- If you are breastfeeding, have your partner stay up with you, breastfeed in a different position where you are confident you might not fall asleep, or feed the baby somewhere else.
- Sleeping on a sofa or armchair with your baby can increase the risk of SIDS by 50 times. Find out more here.
Co-sleeping with your baby
Some parents choose to bed share with their babies. This means that their baby shares the same bed with an adult for most of the night, and not just to be comforted or fed. Some parents also choose to sleep with their baby in other places.
When you should not co-sleep
It is important for you to know that there are some circumstances in which sharing a bed with your baby can be very dangerous.
Bed sharing increases the chance of SIDS and is particularly dangerous if:
- Either you or your partner smokes (even if you do not smoke in the bedroom)
- Either you or your partner has drunk alcohol or taken drugs (including medications that may make you drowsy)
- You are extremely tired
- Your baby was born premature (37 weeks or less)
- Your baby was born at a low weight (2.5kg or 5½ lbs or less)
You should never sleep together with your baby if any of the above points apply to you.
You must be especially careful when giving feeds that you are not in a position where you could both fall asleep in the bed together.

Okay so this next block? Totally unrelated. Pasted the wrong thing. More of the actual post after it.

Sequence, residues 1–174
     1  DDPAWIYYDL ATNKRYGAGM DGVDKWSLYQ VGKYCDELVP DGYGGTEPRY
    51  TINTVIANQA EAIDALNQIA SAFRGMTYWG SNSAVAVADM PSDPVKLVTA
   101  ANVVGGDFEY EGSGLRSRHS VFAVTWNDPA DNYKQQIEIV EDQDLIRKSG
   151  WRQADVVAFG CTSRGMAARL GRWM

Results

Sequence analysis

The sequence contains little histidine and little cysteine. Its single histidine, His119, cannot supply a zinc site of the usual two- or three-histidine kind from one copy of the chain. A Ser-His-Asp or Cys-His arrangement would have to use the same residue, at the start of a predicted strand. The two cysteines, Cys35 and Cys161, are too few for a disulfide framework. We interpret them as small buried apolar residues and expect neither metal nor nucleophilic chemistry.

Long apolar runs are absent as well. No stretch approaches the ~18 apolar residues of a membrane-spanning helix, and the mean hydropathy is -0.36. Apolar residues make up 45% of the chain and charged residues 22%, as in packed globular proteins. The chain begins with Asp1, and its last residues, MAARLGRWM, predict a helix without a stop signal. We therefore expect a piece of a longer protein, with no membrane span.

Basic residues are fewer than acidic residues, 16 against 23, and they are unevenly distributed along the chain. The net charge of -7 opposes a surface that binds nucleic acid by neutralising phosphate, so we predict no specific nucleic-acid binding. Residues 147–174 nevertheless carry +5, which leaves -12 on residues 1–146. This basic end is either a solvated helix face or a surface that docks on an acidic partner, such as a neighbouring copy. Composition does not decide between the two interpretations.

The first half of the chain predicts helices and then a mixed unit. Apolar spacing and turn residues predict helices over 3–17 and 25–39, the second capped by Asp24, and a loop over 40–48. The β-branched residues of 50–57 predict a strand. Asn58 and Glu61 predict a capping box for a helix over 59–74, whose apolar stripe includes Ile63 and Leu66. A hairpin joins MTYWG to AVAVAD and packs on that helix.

If you choose to bed-share
Parents may still choose to bed-share with their baby. If this is your choice, it is important that you are informed about how to minimise the risks.
If you choose to share a bed with your baby:
- Ensure there are no pillows, sheets, blankets or any other items in the bed with you that could obstruct your baby’s breathing or cause them to overheat. A high proportion of infants who die as a result of SIDS are found with their head covered by loose bedding.
- Follow all of our other safer sleep advice to reduce the risk of SIDS.
The safest place for your baby to sleep for the first 6 months is in a separate cot or Moses basket in the same room as you.
Co-sleeping with your baby: FAQs
I am worried I might fall asleep in bed while I breastfeed my baby at night, is this ok?
Breastfeeding reduces the chance of SIDS, so we would always try and help you work out a way to continue breastfeeding in the safest way possible. If you feel you might fall asleep because you are lying down, it might be worth trying to feed in a sitting position or step outside of bed to breastfeed. Make sure you know the advice on when never to bed share so you know when to take particular care. However, it is really important that you do not accidentally fall asleep with your baby on a sofa. If you think you might fall asleep, put the baby down in a safe place to sleep. If you are breastfeeding, have your partner stay up with you, breastfeed in a different position where you are confident you might not fall asleep, or feed the baby somewhere else.
My baby won’t settle in their cot and only sleeps well in our bed, help!
Unfortunately there is no easy fix to a baby’s sleeping habits – but keep persevering! Babies can get used to different sleeping places but it can take a while. Try moving their cot close to your bed so you can still put your hand on them if needed and they know you are close by.
Do I need to bed share to breastfeed successfully?
There is no evidence to say that you need to bed share to breastfeed. For night feeds it is easy to bring your baby into bed to feed or settle, but they are safest then going back into their cot to sleep.